“Since I’ll be stomping merlot grapes,” I replied, “I’ll get a red-icure.”

“You’re really getting into the spirit,” said Gina, who then helped me get into the bin, where we immediately started dancing in a shin-deep mass of merlot makings.

A crowd of attendees, wineglasses in hand, cheered us on as Gina twirled me around so dizzily that it felt like I’d already had a couple of glasses of wine.

After a few minutes, she helped me out of the bin and hosed off my feet, which were covered in juice and had crushed grapes between the toes. Benecio was right: They were squishy. His father was right, too: It was a lot of fun.

“A couple of years ago,” Gina said, handing me a towel, “two women showed up dressed as Lucy and Ethel.”

“If I don’t get my own sitcom,” I told her, “we could have a dance show, ‘Stomping With the Stars.’ ”

“I bet we’d win,” Gina said. “And we could celebrate with wine.” She smiled and added, “I know a guy who makes a mean merlot.”

Copyright 2017 by Jerry Zezima

Thursday, September 21, 2017

"Lions and Tigers and Beers, Oh, My!"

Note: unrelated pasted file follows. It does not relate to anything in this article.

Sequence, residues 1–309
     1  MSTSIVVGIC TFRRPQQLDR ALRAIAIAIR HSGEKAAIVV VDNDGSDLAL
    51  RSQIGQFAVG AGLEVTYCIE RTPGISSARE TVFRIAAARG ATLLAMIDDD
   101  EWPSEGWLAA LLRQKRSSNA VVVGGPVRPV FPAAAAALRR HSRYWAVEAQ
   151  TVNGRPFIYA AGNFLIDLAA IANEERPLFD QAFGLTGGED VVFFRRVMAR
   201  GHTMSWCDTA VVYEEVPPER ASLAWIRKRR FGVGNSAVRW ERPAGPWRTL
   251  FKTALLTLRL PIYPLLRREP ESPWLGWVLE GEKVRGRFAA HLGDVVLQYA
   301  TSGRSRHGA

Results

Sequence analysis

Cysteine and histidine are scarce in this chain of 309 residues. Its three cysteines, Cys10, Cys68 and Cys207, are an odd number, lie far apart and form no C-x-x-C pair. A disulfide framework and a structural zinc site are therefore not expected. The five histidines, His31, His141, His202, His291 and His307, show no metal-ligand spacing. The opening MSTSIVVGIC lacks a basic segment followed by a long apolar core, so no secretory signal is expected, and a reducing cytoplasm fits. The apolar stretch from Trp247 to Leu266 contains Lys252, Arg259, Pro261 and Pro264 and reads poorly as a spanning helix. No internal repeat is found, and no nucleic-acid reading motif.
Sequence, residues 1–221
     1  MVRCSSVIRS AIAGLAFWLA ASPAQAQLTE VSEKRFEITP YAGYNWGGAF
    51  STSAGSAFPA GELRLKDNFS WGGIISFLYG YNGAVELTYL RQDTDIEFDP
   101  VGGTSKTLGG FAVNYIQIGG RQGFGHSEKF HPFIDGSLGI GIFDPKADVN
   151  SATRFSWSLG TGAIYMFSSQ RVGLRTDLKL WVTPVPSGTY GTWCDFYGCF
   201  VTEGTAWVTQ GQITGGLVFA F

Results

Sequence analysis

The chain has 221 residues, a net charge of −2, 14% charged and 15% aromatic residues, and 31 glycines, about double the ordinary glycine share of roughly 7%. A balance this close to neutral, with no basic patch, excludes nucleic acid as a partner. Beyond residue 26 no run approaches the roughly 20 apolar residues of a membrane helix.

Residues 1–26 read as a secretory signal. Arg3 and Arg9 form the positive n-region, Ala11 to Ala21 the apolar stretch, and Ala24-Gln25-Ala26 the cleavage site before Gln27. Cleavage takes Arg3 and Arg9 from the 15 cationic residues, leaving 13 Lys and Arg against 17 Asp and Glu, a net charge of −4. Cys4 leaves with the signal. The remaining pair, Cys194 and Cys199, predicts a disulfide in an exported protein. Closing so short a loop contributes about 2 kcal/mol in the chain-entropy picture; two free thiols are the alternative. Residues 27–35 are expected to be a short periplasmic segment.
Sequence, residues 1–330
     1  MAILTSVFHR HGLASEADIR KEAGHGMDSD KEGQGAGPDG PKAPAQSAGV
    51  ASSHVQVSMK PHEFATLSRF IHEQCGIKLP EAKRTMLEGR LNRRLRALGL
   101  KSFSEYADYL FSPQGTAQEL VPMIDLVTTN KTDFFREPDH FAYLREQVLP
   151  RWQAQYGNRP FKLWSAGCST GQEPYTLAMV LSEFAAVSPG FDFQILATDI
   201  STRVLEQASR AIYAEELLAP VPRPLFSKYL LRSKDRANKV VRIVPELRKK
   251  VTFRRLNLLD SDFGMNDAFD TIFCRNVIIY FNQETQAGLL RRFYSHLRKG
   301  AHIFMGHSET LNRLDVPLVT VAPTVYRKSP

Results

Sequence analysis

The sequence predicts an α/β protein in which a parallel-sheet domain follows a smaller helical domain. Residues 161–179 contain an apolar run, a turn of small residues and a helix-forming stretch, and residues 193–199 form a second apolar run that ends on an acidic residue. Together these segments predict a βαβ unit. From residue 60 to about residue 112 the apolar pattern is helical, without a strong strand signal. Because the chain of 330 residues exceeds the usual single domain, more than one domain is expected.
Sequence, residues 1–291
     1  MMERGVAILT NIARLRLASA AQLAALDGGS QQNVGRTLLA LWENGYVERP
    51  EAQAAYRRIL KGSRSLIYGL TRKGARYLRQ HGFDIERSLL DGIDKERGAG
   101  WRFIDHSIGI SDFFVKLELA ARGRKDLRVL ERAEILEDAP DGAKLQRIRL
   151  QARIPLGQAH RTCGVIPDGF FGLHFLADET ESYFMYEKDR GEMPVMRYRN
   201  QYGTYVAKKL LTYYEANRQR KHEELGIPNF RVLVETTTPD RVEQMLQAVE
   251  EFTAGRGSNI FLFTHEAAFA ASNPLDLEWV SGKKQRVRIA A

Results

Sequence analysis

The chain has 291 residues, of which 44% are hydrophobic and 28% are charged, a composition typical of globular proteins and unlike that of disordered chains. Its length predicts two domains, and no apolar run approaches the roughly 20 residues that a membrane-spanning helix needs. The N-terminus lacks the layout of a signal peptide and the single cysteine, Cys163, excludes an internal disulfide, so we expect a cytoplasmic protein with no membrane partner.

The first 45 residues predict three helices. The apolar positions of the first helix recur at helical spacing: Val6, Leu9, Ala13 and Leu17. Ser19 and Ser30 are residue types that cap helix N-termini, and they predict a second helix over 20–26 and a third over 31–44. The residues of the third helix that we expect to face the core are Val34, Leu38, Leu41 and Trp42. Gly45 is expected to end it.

By Jerry Zezima
Stamford Advocate
In the immortal words of Dr. Doonothing, otherwise known as yours truly, if I could talk to the animals, what a neat achievement that would be. But would a tiger or a camel, bird, reptile or mammal, really, truly want to talk to me?

That’s what I hoped to find out, without being eaten in the process, during my recent trip to the Bronx Zoo, where I trekked with my wife, Sue; our younger daughter, Lauren; and our granddaughters, Chloe, 4, and Lilly, 11 months, both of whom were first-time visitors who soon learned that some of the most fascinating creatures walked on two legs and talked to the animals with a New York accent.

We heard them chatter (most of what they said was either incomprehensible or unrepeatable) during a stampede into the zoo, which was overrun with humans because it was Wednesday, when admission is free and the animals get to see what wildlife is really like.

The first denizens we saw were bison, which were once almost hunted to extinction, prompting Lauren to remark, “They make really good burgers.”

Then we flew into the World of Birds, which housed, among other fine feathered friends, a guira cuckoo.

“Who’s a cuckoo?” I asked Chloe, who looked up at me and chirped, “Poppie!”

The next exhibit was Tiger Mountain, featuring a massive Amur (or Siberian) member of the species that earned its stripes when Chloe commented, “Just like Tick and Tock, the Tiger Twins,” referring to the feline siblings who star in a book that teaches kids how to tell time.

By then it was time for lunch (not, thank God, for the tiger, which looked directly at me and licked its chops), so we found a shady spot and gobbled up turkey sandwiches. I didn’t feel guilty because turkeys are among the few animals that don’t reside at the zoo. It wouldn’t have been the case with bison burgers.